14. 14. SIGNIFICANT LEARNING <ul><li>Does your classroom provide: </li></ul><ul><li>Linear progression of information? </li></ul><ul><li>AND </li></ul><ul><li>An overview of information prior to the smaller pieces? </li></ul><ul><li>A time to connect the pieces together for students? </li></ul><ul><li>Information that connects to other disciplines and subjects? </li></ul>
    15. 15. SIGNIFICANT LEARNING <ul><li>Multiple Activities That Promote: Active Learning </li></ul><ul><li>Direct </li></ul><ul><li>Indirect, Vicarious </li></ul><ul><li>Online </li></ul>
    16. 16. SIGNIFICANT LEARNING <ul><li>DIRECT ACTIVITIES </li></ul><ul><li>Getting information and ideas: </li></ul><ul><li>Original data and sources </li></ul><ul><li>Experience: </li></ul><ul><li>Activities done in authentic settings and/or direct </li></ul><ul><li>observation of phenomena </li></ul><ul><li>Reflective Dialogue: </li></ul><ul><li>Reflective thinking, journaling for self </li></ul><ul><li>Live dialogue in class, online or out of class </li></ul>
    17. 17. SIGNIFICANT LEARNING <ul><li>INDIRECT, VICARIOUS ACTIVITIES </li></ul><ul><li>Getting information and ideas: </li></ul><ul><li>Secondary data and sources, lectures, textbooks </li></ul><ul><li>Experience: </li></ul><ul><li>Case studies, gaming, simulations, role playing </li></ul><ul><li>Viewing or listening to stories, film, literature, or oral history </li></ul><ul><li>Reflective Dialogue: </li></ul><ul><li>Reflective thinking and journaling with self </li></ul><ul><li>Live dialogue with others in class, online or out of class </li></ul>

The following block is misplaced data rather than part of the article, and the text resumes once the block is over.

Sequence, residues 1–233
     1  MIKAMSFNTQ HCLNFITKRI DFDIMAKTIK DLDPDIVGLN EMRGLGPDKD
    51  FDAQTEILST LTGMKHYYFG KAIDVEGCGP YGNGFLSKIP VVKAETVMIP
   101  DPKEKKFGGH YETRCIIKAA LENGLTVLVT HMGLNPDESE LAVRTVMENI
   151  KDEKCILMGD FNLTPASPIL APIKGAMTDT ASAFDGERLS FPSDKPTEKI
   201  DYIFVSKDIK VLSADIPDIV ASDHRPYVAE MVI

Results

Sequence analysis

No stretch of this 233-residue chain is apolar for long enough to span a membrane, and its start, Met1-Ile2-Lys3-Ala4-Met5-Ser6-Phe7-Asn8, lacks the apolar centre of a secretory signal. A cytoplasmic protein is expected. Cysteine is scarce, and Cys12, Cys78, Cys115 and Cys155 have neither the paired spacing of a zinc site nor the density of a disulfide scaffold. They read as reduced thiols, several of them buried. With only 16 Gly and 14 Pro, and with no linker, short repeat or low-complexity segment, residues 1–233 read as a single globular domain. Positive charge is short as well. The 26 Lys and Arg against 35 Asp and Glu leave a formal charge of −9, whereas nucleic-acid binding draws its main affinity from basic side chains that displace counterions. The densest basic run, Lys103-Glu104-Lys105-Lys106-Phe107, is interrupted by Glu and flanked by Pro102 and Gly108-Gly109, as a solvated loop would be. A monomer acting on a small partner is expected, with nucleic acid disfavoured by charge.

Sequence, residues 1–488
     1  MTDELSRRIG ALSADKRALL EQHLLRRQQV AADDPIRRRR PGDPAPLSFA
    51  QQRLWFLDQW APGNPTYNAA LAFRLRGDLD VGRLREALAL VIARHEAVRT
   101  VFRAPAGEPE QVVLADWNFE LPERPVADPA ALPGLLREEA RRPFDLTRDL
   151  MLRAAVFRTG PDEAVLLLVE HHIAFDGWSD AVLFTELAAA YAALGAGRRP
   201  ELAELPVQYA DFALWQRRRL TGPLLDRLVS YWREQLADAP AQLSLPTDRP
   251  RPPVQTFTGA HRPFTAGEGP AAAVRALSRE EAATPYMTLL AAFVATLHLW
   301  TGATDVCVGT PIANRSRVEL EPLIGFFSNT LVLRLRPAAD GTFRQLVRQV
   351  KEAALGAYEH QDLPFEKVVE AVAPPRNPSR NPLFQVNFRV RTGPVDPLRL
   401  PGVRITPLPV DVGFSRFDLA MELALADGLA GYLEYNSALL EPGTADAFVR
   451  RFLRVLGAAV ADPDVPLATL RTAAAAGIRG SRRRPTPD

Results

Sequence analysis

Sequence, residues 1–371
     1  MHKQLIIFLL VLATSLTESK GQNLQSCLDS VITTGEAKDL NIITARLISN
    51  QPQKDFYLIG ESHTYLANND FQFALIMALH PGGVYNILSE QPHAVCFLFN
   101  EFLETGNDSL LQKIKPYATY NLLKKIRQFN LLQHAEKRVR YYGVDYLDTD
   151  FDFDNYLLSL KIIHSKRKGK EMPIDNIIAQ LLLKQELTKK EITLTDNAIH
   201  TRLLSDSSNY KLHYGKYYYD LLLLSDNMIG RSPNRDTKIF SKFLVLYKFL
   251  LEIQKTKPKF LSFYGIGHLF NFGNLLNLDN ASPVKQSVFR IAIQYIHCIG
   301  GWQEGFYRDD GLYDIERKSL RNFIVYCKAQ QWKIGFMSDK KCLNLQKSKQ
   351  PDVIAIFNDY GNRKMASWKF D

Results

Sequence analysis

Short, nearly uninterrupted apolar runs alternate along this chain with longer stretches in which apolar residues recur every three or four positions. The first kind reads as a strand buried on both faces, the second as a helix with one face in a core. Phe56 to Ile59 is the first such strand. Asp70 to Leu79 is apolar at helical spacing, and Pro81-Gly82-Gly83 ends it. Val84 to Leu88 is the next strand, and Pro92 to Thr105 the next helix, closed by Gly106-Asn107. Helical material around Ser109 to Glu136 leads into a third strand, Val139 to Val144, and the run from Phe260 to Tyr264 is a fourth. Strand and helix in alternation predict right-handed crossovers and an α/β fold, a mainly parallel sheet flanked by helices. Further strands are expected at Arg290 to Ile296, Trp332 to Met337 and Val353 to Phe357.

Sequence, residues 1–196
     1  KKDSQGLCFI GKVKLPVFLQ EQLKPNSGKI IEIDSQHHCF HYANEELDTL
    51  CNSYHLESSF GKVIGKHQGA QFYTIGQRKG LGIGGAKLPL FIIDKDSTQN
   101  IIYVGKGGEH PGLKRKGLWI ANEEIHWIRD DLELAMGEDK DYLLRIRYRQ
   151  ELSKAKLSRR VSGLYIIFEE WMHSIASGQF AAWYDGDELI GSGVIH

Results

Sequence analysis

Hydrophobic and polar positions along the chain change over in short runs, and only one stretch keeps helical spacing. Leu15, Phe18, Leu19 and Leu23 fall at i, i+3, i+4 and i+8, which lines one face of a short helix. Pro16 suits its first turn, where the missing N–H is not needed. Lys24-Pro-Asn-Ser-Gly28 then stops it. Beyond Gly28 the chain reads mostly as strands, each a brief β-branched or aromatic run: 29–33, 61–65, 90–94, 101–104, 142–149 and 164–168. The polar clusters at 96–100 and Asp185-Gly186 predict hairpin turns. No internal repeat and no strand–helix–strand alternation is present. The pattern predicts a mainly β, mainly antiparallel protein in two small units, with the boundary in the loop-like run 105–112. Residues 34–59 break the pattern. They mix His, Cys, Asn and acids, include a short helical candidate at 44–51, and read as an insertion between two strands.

18. 18. SIGNIFICANT LEARNING <ul><li>ONLINE ACTIVITIES </li></ul><ul><li>Getting Information and Ideas: </li></ul><ul><li>Course web-sites, internet web-sites (i.e. journals) </li></ul><ul><li>Experience: </li></ul><ul><li>Students directly experience …(online concept testing, participation in a group or team activity) </li></ul><ul><li>Students can engage in “indirect” experiences (view a film, read a case study) </li></ul><ul><li>Reflective Dialogue: </li></ul><ul><li>Various online dialogues such as e-mail, chat rooms, white boards and discussion boards/forums. </li></ul>
    19. 19. SIGNIFICANT LEARNING <ul><li>REFERENCES </li></ul><ul><li>Web-sites: </li></ul><ul><li>www.collab.org (Collaboration Project web-site) </li></ul><ul><li>www.ou.edu/idp/significant (Dr. Fink’s taxonomy-in the handout) </li></ul>
    20. 20. SIGNIFICANT LEARNING <ul><li>Collaboration Project Professional Development Conference: Motivating Students for Better Retention, learning and Achievement </li></ul><ul><li>November 17-18, 2006 Bloomington </li></ul><ul><li>Presentations: </li></ul><ul><li> Creating Significant Learning Experiences Through Integrated Course Design Stewart Ross, Director, Center for Excellence in Teaching and Learning , </li></ul><ul><li>Minnesota State University, Mankato </li></ul><ul><li> Building Motivation: Do You Have The Tools? </li></ul><ul><li>Connie Evenson, Assistant professor, Department of Nursing, U of South Dakota </li></ul><ul><li>Michelle Gierach, Assistant Professor, Department of Nursing, U of South Dakota </li></ul><ul><li> The Road To Excellence: Creating Positive Learning Environments </li></ul><ul><li>Heidi Johnson-Anderson, Assistant Professor, Department of Nursing, U of SD </li></ul><ul><li>Susan Reinhart, Assistant Professor, Department of Nursing, U of SD </li></ul><ul><li>Dawn Warren, Assistant Professor, Department of Nursing, U of SD </li></ul><ul><li>Debate This! Critical Thinking and Content and Mastery Part 2 </li></ul><ul><li>Dean Pape, Assistant Professor of Communication, Ripon College </li></ul>